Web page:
Son of Zombie Ideas
Published: November 2, 2011
It was March 1996, and I remember it like it was only a week ago. A bunch of us were standing around outside in the tiny backyard of my and my fiancee’s little Sowebo rowhouse. One of my friends was holding forth at length about how great a flat tax would be: “I could do my taxes on a postcard! It would be great!”
“Dude,” I answered, “if you hate doing them that much, give them to me, I’ll do them in TurboTax, and you can just pay me the difference.” The political world was rollicking with the debate over the flat tax, because Steve Forbes, worth at the time around $439 million according to Fortune magazine, was running for president on the platform of abolishing the current graduated tax system and replacing it with a flat tax of 17 percent.
What wasn’t mentioned as loudly, of course, was that Forbes’ plan would eliminate all taxes on investment income, stock dividends, and capital gains—the main income source of what we now call “the 1 percent,” the Masters of the Universe whose financial game-playing caused the crash of 2008. Forbes was trying to sneak in yet another Republican Trojan horse in order to not just lower the top rate for the wealthiest Americans, but to vaporize it altogether.
Perhaps a little history is in order here (again). Part of the reason we are where we are now is because 30 years ago, Rep. Jack Kemp (R-N.Y.) and Sen. William Roth (R-Del.) pushed through a bill that, among other cuts across the tax brackets, dropped the top marginal tax rate from a communist 70 percent to a massively socialist 50 percent, which nowadays we might just call “socialism lite.” After then-President Ronald Reagan signed the bill into law, his finance director, David Stockman, let the cat out of the bag by noting to journalist William Greider in The Atlantic magazine that “Kemp-Roth was always a Trojan horse to bring down the top rate.”
Back in ’96, the Clinton White House told the media that Forbes’ flat-tax plan would lose $138.8 billion dollars in revenue annually. Associated Press economics writer Martin Crutsinger noted at the time that flat-tax proponents argued that the tax cuts would stimulate economic growth and generate even more revenue for the government. I hate to say it, but in a column I wrote back in October 2008 called “Zombie Ideas,” I said:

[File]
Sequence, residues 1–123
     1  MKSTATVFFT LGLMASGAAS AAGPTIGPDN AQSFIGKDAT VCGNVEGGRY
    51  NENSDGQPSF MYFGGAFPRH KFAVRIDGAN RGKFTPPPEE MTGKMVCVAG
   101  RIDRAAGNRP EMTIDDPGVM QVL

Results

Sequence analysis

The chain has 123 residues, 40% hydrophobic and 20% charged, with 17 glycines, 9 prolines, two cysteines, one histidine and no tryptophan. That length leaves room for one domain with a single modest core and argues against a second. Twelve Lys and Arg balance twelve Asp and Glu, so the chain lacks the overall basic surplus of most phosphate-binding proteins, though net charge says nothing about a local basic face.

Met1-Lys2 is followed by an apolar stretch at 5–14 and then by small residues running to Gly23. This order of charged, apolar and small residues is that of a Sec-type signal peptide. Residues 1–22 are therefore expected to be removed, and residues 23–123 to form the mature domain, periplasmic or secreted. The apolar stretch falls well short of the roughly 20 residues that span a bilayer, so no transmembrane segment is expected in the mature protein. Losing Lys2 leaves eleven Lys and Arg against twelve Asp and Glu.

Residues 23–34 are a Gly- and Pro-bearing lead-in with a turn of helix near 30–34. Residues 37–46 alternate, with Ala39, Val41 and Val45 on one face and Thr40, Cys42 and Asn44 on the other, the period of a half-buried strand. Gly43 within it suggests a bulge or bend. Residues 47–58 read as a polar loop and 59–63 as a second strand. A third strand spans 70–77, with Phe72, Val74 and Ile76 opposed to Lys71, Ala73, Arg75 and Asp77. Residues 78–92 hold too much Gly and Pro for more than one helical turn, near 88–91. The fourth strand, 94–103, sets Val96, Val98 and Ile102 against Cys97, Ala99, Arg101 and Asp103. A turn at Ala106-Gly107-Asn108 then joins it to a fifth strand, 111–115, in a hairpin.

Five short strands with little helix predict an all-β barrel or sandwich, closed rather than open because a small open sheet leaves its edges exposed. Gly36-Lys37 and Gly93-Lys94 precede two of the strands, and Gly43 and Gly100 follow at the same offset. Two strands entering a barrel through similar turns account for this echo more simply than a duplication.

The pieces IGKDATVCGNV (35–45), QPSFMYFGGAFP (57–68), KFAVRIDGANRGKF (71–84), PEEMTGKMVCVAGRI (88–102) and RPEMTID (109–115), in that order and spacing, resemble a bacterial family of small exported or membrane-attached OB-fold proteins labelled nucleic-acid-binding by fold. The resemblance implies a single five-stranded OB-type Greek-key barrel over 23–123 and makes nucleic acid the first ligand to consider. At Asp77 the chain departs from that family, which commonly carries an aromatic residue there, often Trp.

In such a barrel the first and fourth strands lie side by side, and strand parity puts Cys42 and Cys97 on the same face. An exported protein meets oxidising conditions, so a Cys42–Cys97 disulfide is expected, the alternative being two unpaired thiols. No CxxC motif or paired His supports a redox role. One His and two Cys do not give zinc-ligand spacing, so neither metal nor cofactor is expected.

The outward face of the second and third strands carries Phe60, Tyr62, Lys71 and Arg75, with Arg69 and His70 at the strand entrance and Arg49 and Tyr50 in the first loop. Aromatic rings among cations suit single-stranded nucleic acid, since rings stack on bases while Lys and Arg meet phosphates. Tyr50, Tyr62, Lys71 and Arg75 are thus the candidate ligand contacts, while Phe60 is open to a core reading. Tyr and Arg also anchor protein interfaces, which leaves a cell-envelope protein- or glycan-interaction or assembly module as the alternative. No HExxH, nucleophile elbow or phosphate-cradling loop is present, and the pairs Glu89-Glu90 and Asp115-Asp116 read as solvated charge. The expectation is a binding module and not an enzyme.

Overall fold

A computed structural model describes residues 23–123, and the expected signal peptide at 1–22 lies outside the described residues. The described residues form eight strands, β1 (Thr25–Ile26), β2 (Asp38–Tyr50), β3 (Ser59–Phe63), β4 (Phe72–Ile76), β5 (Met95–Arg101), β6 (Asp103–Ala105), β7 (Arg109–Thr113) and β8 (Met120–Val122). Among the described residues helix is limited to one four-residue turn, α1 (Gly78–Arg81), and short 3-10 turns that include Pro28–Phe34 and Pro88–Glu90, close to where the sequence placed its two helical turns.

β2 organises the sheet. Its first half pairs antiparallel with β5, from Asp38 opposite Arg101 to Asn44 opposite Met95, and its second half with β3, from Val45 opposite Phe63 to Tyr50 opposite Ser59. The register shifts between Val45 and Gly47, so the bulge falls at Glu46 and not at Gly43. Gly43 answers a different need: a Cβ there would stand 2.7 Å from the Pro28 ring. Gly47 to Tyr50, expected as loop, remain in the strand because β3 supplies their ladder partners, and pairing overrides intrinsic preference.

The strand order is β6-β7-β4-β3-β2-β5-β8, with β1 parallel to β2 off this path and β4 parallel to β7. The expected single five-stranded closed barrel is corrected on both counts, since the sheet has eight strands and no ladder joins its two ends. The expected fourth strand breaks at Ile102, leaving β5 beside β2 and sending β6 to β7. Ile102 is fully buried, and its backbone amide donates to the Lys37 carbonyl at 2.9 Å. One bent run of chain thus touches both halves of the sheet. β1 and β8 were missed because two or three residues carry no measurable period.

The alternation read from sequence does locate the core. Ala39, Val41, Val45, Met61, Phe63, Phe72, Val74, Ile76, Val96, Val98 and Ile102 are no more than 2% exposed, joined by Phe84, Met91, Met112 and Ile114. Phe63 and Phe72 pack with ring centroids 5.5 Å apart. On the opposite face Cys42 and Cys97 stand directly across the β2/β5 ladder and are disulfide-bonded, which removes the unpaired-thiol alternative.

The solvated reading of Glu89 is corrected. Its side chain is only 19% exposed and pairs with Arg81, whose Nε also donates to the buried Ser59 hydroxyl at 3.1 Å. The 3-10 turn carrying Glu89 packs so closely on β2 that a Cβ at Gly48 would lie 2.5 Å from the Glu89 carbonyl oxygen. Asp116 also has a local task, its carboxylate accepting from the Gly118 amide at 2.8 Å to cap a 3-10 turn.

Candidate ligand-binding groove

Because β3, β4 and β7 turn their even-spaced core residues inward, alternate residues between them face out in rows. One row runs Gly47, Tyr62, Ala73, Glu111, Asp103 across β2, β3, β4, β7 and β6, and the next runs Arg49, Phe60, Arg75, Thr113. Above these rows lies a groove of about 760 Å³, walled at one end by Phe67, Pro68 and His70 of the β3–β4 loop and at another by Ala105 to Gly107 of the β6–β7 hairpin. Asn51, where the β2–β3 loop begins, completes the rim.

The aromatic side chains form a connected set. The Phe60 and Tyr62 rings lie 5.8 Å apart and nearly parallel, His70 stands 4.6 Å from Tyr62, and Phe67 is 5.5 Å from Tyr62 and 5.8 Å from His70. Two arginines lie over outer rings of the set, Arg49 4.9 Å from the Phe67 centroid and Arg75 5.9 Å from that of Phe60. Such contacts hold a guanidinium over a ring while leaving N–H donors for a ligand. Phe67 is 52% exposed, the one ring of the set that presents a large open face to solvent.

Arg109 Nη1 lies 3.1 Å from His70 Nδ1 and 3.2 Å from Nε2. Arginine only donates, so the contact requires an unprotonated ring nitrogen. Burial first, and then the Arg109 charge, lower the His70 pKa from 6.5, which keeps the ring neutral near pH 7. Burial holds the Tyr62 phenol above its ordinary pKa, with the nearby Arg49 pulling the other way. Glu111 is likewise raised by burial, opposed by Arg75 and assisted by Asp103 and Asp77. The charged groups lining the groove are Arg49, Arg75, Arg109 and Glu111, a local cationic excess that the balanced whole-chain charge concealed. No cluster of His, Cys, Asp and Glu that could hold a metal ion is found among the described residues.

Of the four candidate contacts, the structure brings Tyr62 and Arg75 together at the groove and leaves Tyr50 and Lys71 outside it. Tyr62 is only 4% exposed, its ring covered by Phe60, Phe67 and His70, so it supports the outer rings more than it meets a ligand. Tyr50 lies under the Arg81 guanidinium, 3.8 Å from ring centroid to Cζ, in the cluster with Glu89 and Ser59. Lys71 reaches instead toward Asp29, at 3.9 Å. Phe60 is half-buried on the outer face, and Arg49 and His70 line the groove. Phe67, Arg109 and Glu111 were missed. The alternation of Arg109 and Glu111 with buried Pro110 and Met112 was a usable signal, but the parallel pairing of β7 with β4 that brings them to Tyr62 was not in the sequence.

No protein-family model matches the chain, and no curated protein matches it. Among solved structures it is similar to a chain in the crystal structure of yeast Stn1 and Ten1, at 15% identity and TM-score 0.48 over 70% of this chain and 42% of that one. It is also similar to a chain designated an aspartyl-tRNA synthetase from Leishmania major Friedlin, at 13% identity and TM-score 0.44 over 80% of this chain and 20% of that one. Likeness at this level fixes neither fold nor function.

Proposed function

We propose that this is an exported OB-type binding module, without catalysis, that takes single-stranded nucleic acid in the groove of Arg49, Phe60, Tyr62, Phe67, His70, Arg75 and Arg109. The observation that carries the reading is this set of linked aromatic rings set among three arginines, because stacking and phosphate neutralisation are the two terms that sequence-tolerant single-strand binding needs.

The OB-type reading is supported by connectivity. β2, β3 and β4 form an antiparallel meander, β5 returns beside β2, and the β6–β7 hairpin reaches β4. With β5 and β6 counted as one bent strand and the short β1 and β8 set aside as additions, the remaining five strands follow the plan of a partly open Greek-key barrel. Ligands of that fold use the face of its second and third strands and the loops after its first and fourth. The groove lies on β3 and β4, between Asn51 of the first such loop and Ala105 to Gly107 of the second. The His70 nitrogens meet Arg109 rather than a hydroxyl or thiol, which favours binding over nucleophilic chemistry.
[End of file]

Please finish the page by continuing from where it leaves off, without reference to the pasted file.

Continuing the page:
Cutting taxes is a Republican panacea that can cure any economic woe short of a giant stock market crash, and you can be sure that even then, it won’t be long before the editors of The Wall Street Journal and their cheerleaders in the executive suites will be pushing for one yet again.
Do you see yet the circles in which we are traveling?
So here we are again: A Democrat is in the White House, and here is Herman Cain, the Godfather of Pizza, running for the presidency on the GOP side by claiming that we can solve our problems with his 9-9-9 plan, essentially another flat tax. One-upping Cain, Gov. Rick Perry of Texas is proposing what might be called the “Billionaire Opt-Out Plan,” which would create a parallel tax plan where individual and corporate income would be taxed at 20 percent, and—once again—investment income would go untaxed. Every American would have a choice of which tax code they’d prefer to use. Which plan do you suppose Cain, or for that matter, Forbes, would prefer to use?
The elephant in the room that all the Republicans will do their damnedest not to address is income inequality. They’d far prefer to talk about eye-glazing tax plans that rely on magic asterisks and Laffer curves rather than point out that ever since Kemp, Roth, Stockman, and Reagan pushed their giant wooden horse through the gates, the top 1 percent of this country has been the beneficiary each and every year of more and more of the largesse of the American tax system.
Like Elizabeth Warren, the Democratic Senate candidate from Massachusetts, said, the underlying social contract says that if you’re making a mint, good for you, but you didn’t do it alone. You did it because of the system here in America that let you do it, free from pirates and dirt roads and an uneducated labor force like you’d find in, say, Sudan. And once upon a time we had a system that worked well enough that there wasn’t the gross inequality we have now, of Gilded Age proportions.
We really shouldn’t be surprised that Perry and Cain have loosed the Son of Zombie Ideas upon us; even a double-tap to the skull of a flat tax won’t send it away for good. But by now we all ought to know what the real goal is. After all, we’ve seen this movie before.
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